When you think of supplements, your mind likely jumps to the unregulated herbal variety such as ginseng, Echinacea, and even ephedra. This descriptor may conjure up all sorts of negative connotations in your mind of side effects that you don’t want to associate with your newborn child. And yet, you probably take all kinds of supplements yourself, even if you don’t know it. A daily vitamin, for example, is a supplement, one that helps you to get all of the vitamins and minerals you need (and can’t possibly hope to obtain through food alone). In the same way that you need this supplement, your preemie may need additional nutrients that you are not able to adequately provide through either breast milk or formula. So if you’re interested in supplementing your infant’s diet, here are just a few items you may want to ask your doctor about including:
- Iron. Deficiency of this necessary mineral is common for preemies. Although many babies experience iron deficiency due to rapid growth (and the eventual switch to cow’s milk), preemies are even more susceptible to the condition because they haven’t had the same amount of time to develop iron stores while in utero (so that their meager stores become depleted more quickly). Luckily, you can pass on the iron your child needs by consuming it yourself (under doctor supervision) or you may opt to purchase iron-fortified formula.
- DHA. If you are familiar with omega-3 fatty acid, then you may have heard of docosahexaenoic acid (DHA). Everyone can benefit from adding this supplement to their diet because it is said to affect the cells of the body in such a way that they communicate more effectively with the brain (and it has been linked to decreased risks of cardiovascular and other diseases). But studies have shown added benefits for premature babies; it can help to boost brain function as well as eye development, and may even be taken by pregnant mothers to give these benefits to babies in the womb. It can be found in both flaxseed and fish oils.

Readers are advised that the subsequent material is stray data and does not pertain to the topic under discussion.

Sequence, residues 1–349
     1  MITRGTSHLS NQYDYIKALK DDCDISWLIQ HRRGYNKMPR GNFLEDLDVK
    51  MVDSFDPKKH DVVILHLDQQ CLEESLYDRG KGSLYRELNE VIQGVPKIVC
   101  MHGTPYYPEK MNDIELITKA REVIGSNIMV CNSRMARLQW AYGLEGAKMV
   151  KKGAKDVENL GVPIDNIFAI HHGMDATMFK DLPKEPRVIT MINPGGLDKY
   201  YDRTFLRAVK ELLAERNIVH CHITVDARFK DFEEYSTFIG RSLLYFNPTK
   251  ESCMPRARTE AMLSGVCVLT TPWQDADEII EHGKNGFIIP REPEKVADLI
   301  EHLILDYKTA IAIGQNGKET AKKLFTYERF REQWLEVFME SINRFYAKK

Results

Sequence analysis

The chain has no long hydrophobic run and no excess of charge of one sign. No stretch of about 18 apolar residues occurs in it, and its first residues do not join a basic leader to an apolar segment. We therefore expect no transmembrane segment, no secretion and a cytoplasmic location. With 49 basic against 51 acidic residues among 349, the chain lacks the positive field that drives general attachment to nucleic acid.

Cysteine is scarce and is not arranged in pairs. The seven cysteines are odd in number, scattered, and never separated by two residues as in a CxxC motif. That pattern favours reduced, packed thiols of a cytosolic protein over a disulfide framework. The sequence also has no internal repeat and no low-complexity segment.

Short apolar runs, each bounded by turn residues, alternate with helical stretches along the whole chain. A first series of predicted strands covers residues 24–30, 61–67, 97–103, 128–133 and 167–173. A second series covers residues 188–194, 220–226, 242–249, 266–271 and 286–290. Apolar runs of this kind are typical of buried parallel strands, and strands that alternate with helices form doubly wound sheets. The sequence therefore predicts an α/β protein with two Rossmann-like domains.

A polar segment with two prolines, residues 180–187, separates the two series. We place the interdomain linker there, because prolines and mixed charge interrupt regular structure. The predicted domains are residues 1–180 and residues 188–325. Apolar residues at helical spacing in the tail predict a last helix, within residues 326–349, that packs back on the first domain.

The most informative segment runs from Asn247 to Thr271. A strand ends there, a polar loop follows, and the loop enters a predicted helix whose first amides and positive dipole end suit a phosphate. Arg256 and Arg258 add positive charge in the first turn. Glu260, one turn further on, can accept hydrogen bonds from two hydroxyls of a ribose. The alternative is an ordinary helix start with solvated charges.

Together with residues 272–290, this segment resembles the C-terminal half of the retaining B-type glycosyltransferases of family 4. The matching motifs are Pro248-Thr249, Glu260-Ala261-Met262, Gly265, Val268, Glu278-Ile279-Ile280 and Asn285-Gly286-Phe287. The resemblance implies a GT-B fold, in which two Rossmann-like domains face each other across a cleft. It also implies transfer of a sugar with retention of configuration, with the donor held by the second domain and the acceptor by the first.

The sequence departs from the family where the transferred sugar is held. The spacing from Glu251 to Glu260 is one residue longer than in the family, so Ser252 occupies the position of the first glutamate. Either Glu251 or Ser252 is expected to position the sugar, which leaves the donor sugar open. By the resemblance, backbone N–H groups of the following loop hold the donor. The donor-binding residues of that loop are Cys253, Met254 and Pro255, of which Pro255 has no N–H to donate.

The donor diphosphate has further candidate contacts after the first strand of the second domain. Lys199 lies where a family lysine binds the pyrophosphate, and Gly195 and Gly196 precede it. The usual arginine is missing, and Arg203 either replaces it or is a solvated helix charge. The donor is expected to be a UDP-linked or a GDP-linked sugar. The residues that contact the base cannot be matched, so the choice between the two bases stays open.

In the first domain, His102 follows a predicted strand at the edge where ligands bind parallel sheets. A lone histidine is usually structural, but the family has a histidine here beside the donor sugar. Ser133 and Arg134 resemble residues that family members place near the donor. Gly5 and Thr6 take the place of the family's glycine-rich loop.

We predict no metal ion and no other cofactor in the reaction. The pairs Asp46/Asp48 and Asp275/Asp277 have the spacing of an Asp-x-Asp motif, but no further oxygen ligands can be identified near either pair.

- Vitamin D. It is not uncommon for preemies to suffer from reduced bone density (as compared to full-term babies), especially as they begin to age. By providing additional vitamin D during their infancy you may be able to ensure that they avoid some of the bone weakness, breaks, and even diseases like rickets that they could otherwise face as they grow.
- Vitamin C. This vitamin, essential to all living beings because of its antioxidant status (that helps protect bodily tissues) could help preemies with both brain and lung problems. Studies have shown that deficiency of this vitamin, common in preemies, may lead to an inability of the body to stop potentially harmful effects from too much oxygen exposure. Early use of supplements could mean fewer incidences of illness and disabilities later in life, although more research will have to be done to confirm this theory.
- Probiotics. You might know of these beneficial bacteria if you have suffered digestive problems. Often found in yogurt (for adults), they can help to regulate your digestive system when consumed as part of a daily diet. And while they can certainly aid your preemie in the same way, reducing upset stomach and increasing motility, studies also show that infants with extremely low birth weight may gain more quickly with the addition of probiotics to their diet.